Financial markets entered the 4th quarter with heightened concerns that a recession was near. Three primary concerns stood to determine whether markets would rebound or safety should be the preferred path. During the summer we installed hedges in our longest Time Horizon Strategies as our concerns were high as well.
Thankfully, we received a raft of good news over the past three months, taking markets to record highs:
- The Federal Reserve signaled it would not raise interest rates, perhaps for all of 2020.
- The Trump administration achieved a “Phase One” deal with China.
- Brexit uncertainty was decided with the landslide re-election of British PM Boris Johnson.
- The US dollar peaked and has begun falling, which benefits trade with our major partners.
These all buoyed investor sentiment, turning markets from recession watch and to rally mode. Summer headwinds became tailwinds in the Fall. This news is cited most often as fueling the market’s resurgence but the real catalyst pushing markets is the renewal of Quantitative Easing (QE) by the Federal Reserve.
The S&P 500 rose 8.5% in the final quarter, capping an astounding 31% for the year. International markets rose 7.3% for the quarter and 22% for the year. Emerging markets broke out, gaining 11% during the quarter and 17% for the year. Bond markets were relatively flat this Fall but were up 8% on the year as the Fed lowered interest rates three times earlier in the year.
Accordingly, we sold most of our hedges and again returned to a fully invested profile with confirmation that the headwinds of Q3 were indeed in the rear-view mirror.
The Real Catalyst
You won’t hear it called Quantitative Easing by the Fed itself, given the unpopularity of the term. But make no mistake, QE it is. During the quarter the Fed purchased about $300 billion of debt securities to build reserves for an arcane part of the financial plumbing that allows financial markets to function – the REPO market.
This reason for further balance sheet expansion is frankly less important its effect on financial markets. Every time the Fed’s balance sheet expands the markets rise. Every time it is reduced, markets fall. Should the Fed again pare its balance sheet, markets will surely fall again. QE does the same thing as lowering interest rates, printing money or expanding the monetary supply – allowing the dollar to fall and asset valuations to rise. Since it has consistently worked and there is little room to further reduce rates, we can assume this is the playbook of the future for central banks. Until it creates meaningful inflation or unforeseen problems with market functions it will continue. While it continues financial markets have a tailwind.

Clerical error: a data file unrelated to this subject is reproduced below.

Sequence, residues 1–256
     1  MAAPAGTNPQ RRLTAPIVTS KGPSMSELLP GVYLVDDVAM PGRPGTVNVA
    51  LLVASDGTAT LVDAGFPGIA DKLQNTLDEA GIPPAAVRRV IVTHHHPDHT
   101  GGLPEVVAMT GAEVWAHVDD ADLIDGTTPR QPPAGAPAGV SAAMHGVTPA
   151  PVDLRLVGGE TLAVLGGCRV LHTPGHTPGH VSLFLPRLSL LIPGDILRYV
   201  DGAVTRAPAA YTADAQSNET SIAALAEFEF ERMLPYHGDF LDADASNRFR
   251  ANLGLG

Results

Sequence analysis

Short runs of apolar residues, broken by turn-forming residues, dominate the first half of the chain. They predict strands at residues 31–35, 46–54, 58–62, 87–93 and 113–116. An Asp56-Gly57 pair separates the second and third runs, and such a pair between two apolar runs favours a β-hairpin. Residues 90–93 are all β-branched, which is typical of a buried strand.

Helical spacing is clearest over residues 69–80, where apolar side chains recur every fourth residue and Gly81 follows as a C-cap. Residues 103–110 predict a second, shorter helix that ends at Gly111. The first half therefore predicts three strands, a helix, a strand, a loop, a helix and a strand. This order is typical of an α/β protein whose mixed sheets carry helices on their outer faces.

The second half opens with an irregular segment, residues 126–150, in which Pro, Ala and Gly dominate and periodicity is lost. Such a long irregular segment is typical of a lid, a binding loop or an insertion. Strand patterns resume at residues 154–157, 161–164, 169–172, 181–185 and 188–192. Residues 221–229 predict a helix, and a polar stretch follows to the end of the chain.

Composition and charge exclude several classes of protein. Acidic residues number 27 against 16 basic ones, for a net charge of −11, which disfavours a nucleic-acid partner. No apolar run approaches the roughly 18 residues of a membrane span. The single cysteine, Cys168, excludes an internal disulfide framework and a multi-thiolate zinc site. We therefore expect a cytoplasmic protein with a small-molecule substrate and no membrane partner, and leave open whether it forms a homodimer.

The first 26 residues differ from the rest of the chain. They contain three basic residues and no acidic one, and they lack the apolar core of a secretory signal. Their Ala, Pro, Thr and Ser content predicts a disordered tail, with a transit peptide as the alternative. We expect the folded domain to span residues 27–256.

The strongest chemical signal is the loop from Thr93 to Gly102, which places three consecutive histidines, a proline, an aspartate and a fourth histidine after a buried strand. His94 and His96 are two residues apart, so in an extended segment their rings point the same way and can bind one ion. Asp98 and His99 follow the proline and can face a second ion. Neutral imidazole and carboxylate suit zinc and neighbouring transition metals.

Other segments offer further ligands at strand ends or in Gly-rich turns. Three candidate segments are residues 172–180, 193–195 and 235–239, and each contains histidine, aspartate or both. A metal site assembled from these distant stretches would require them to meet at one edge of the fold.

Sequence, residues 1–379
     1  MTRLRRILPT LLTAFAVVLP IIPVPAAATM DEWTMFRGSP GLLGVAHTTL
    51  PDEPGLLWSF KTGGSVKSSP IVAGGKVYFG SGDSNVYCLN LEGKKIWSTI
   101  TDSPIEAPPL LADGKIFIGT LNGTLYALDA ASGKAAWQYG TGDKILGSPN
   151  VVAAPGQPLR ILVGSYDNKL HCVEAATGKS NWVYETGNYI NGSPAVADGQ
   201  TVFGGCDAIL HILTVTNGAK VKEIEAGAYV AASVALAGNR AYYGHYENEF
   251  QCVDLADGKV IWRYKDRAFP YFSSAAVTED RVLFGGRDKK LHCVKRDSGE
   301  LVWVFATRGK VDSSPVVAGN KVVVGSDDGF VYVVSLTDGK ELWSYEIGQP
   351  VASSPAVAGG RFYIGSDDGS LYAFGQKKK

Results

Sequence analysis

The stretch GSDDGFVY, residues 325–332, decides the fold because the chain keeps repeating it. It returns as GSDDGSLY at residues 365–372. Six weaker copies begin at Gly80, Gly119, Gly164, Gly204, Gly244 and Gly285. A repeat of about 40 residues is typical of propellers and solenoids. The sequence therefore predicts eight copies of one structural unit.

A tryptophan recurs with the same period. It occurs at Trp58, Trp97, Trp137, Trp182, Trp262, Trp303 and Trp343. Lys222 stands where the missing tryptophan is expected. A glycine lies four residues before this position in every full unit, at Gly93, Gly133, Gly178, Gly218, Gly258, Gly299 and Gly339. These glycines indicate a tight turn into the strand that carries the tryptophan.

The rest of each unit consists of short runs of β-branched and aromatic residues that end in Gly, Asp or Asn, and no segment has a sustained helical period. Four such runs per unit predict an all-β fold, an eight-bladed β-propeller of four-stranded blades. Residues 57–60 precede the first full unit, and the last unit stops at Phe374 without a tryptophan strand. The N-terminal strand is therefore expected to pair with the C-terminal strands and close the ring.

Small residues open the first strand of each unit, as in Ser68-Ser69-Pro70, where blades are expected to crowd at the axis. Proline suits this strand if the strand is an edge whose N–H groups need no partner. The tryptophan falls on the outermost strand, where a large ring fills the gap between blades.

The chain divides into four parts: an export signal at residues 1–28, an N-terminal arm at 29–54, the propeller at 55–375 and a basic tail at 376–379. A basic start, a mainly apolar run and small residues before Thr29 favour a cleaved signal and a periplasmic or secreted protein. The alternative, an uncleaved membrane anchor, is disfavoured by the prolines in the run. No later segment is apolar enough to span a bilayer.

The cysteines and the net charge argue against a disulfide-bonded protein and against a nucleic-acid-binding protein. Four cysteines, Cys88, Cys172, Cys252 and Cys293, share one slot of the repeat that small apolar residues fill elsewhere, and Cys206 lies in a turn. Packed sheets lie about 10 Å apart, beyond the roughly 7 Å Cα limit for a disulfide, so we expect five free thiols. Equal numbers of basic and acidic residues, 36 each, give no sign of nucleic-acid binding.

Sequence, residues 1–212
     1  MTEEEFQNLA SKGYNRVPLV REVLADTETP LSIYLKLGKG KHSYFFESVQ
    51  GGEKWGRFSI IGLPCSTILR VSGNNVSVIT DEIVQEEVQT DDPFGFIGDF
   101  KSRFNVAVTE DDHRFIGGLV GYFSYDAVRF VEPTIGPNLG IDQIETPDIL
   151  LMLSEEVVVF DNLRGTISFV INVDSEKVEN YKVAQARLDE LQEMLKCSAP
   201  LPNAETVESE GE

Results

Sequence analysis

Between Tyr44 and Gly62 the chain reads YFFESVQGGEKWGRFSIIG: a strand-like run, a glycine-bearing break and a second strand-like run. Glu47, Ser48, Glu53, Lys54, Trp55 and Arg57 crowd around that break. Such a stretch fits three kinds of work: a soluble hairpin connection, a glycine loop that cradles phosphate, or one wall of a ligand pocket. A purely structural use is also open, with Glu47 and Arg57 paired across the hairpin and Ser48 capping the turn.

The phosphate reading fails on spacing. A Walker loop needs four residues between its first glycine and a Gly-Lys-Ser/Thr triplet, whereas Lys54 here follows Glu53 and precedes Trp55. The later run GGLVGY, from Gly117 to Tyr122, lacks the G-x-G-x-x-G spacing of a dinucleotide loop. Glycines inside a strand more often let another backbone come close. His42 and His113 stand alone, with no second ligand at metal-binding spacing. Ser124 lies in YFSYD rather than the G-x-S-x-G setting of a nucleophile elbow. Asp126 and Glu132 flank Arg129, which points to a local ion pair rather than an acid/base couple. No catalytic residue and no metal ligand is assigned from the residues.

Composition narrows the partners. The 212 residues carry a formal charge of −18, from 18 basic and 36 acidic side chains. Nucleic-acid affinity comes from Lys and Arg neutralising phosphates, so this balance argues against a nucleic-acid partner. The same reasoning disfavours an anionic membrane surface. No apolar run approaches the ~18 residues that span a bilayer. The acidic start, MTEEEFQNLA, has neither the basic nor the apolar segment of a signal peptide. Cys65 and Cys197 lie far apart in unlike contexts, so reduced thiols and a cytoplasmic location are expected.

When inflation or undervalued commodities begin a long-expected surge a fierce headwind for financial markets will return. In the meantime, we will gladly participate in the growth and give credit to the Fed for sustaining the stock market rally.
What’s in store for 2020?
During 2020, equity markets will face many risks: constricted trade impact, tepid domestic growth, rising payroll costs, corporate margin pressures, modest earnings, and the 2020 election. Given the markets’ recent rise, full to high valuations move to the top of this list. We have written about all of these and they will drive markets. Because of emotions, it will be the electoral process that will get the headlines.
Capitalism has become the foil for the more “progressive” Democratic candidates. As their poll numbers move, equity markets will correspondingly move in the opposite direction. As we approach the Democratic convention this will become more exaggerated and pronounced should one of them be nominated. We continue evaluating market risks and opportunities but do expect volatility to rise as we get closer.